The easiest way to minimize communication faux pas online is to employ the same tact you would in-person. First, introduce yourself or ask for an introduction from a mutual friend. Second, establish commonalities then ask for permission to engage in further conversation. Third, ask, “What type of information would you like to receive? How often would you like to receive it? In what format would you like to receive information?” If a recipient responds favorably, send or post a thank you note. If you do not hear from a recipient, do not “spam” them. Instead, find out their communication preferences and adjust your message(s) accordingly or simply govern yourself as if they declined the contact. Fourth, if you cannot say something nice, do not post, tweet, share, or, in essence, say it at all. The same is true for inaccurate messages. Fact checking is mandatory.
Are you using online communications to increase awareness for your business or to refine your personal network? Do you have an established target audience and tailored messages for the same? Not sure when to send your message?
Defining the purpose for online communication–particularly social media–will help you determine which medium to use as well as communication frequency. If you are working on increasing awareness for your business, product, or an event, Twitter and LinkedIn are best resources (Tumbler and Myspace for those in the entertainment industry). For maintaining a working relationship with new or existing customers, bulk email messaging services like Mail Chimp, Exact Target, and Constant Contact are ideal tools to use. Want to keep in touch or build on family, friends, and other relationships? Pinterest and Facebook are ideal platforms for personal engagement.
What are some communications safety tips to consider? Separate business from personal. Use the highest privacy settings allowed. Vet those who want to friend, follow, share, or subscribe to your communications. Perhaps more importantly, concentrate on being a good friend or a valuable resource to the right people rather than an acquaintance to all. After all, people do business and remain friends with people who they like and they trust. With this in mind, consider purging your “friends” or at least organizing your contacts by relationship type: colleagues, family, friends, clients, associates, etc. Whenever possible, provide recipients a way to opt out and to change their communications preferences.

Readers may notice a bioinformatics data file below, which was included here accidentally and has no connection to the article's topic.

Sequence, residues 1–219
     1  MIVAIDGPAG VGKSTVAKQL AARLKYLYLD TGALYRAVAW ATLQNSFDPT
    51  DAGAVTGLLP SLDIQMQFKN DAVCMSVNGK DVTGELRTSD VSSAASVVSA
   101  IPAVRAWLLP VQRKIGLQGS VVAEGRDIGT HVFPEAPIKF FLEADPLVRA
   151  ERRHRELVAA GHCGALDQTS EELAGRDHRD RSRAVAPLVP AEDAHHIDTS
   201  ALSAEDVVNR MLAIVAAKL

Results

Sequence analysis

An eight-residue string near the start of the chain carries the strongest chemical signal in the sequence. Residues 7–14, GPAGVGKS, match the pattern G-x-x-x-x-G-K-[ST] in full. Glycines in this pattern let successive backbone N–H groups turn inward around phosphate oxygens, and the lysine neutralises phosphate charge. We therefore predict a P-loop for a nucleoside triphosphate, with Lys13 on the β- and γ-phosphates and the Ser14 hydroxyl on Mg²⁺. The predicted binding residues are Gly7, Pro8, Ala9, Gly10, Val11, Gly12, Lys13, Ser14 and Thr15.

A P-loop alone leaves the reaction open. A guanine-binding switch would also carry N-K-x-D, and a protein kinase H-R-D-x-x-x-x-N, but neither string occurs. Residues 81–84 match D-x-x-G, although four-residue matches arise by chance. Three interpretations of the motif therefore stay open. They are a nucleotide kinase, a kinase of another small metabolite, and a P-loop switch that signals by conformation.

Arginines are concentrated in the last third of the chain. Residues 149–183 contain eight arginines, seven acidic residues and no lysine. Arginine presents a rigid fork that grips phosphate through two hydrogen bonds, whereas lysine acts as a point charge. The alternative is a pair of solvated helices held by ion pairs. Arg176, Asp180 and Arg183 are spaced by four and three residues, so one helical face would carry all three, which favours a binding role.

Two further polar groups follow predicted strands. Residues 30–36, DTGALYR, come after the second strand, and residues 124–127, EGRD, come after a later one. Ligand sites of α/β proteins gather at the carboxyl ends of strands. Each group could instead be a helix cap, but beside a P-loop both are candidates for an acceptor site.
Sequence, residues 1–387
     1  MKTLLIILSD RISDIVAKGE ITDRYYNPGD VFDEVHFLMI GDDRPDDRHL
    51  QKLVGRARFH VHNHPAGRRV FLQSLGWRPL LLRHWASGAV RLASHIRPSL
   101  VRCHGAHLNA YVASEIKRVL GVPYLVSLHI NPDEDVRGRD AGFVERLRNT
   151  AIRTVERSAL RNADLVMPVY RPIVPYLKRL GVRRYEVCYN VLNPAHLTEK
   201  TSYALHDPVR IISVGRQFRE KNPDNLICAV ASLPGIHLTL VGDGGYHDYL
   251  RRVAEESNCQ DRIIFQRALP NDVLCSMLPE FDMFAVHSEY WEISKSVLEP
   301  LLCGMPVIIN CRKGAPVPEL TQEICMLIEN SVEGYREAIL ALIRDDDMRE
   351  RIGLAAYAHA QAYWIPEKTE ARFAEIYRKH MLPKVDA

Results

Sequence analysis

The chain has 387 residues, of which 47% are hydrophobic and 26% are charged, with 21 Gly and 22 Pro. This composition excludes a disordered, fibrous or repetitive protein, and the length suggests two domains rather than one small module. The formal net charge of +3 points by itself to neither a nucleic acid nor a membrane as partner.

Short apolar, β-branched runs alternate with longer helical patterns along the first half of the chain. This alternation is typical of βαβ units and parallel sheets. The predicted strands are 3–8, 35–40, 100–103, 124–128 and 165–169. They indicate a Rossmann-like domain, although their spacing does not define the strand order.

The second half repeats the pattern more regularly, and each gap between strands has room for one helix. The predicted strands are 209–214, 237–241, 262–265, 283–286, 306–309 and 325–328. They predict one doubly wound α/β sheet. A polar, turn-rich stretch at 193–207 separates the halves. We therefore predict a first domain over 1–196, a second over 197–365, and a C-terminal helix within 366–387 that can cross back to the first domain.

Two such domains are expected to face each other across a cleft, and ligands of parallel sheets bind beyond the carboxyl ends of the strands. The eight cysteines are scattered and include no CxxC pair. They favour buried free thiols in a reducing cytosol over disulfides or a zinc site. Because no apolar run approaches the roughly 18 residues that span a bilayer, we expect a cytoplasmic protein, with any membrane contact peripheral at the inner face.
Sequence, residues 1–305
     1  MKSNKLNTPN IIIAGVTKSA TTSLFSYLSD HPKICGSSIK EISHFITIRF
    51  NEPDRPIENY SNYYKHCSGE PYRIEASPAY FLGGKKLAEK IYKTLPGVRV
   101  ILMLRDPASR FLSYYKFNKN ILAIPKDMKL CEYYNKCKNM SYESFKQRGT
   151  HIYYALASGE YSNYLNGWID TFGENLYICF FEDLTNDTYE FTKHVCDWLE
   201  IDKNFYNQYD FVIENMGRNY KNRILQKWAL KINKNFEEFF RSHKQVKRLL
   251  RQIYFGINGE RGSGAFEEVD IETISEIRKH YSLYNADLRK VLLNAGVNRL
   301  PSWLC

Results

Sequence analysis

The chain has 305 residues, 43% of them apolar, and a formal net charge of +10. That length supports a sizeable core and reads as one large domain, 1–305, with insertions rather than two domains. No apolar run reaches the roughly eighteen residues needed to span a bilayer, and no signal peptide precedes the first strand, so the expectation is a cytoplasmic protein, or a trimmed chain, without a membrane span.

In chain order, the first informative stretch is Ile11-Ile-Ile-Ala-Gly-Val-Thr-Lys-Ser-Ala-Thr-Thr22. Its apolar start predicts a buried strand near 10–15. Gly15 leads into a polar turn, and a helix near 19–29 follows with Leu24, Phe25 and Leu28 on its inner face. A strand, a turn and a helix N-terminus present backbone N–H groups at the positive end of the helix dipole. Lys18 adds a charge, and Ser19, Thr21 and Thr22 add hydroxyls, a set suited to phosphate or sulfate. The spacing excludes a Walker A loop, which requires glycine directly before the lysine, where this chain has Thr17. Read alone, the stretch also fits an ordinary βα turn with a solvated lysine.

If you are using social media or other online communications tools to job hunt, promote your entrepreneurial ventures, or for professional gain, make sure that your character in the workplace or as a professional is consistent with whom you are behind closed doors. It is a fact that employers, for example, are using a variety of online tools (Google, Pipl.com, onlineidcalculator.com, and Spokeo.com) to vet prospective employees. For a snapshot of your credibility, prospective clients can easily “google” you, your affiliates, or past and current clients.
Not sure what your online reputation is like? There is nothing more liberating, easy to manage, and accurate than being “you” all the time. In addition to maintaining a high level of integrity, just “being you” minimizes the likelihood of slander that sticks. Other tools that help with reputation management are klout.com, Reppler.com, socialoomph.com, topsy.com, and www.google.com/alerts.
In summary, consistently demonstrating social courtesies online, the same way you would in-person, will help you avoid social media and other communications faux pas.